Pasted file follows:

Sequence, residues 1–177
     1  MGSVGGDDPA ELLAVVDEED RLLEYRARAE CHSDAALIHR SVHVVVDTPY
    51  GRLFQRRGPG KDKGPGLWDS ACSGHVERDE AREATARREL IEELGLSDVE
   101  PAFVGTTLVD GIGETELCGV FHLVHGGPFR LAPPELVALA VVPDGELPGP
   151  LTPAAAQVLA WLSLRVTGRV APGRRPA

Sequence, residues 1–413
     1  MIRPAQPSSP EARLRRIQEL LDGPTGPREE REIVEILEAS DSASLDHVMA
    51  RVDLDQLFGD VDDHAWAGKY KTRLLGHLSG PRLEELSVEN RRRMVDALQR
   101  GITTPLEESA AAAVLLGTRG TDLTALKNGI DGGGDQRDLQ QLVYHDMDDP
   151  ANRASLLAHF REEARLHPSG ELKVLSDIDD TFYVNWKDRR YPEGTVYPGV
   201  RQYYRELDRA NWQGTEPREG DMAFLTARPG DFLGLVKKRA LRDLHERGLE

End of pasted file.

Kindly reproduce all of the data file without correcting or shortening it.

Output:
Sequence, residues 1–177
     1  MGSVGGDDPA ELLAVVDEED RLLEYRARAE CHSDAALIHR SVHVVVDTPY
    51  GRLFQRRGPG KDKGPGLWDS ACSGHVERDE AREATARREL IEELGLSDVE
   101  PAFVGTTLVD GIGETELCGV FHLVHGGPFR LAPPELVALA VVPDGELPGP
   151  LTPAAAQVLA WLSLRVTGRV APGRRPA

Sequence, residues 1–413
     1  MIRPAQPSSP EARLRRIQEL LDGPTGPREE REIVEILEAS DSASLDHVMA
    51  RVDLDQLFGD VDDHAWAGKY KTRLLGHLSG PRLEELSVEN RRRMVDALQR
   101  GITTPLEESA AAAVLLGTRG TDLTALKNGI DGGGDQRDLQ QLVYHDMDDP
   151  ANRASLLAHF REEARLHPSG ELKVLSDIDD TFYVNWKDRR YPEGTVYPGV
   201  RQYYRELDRA NWQGTEPREG DMAFLTARPG DFLGLVKKRA LRDLHERGLE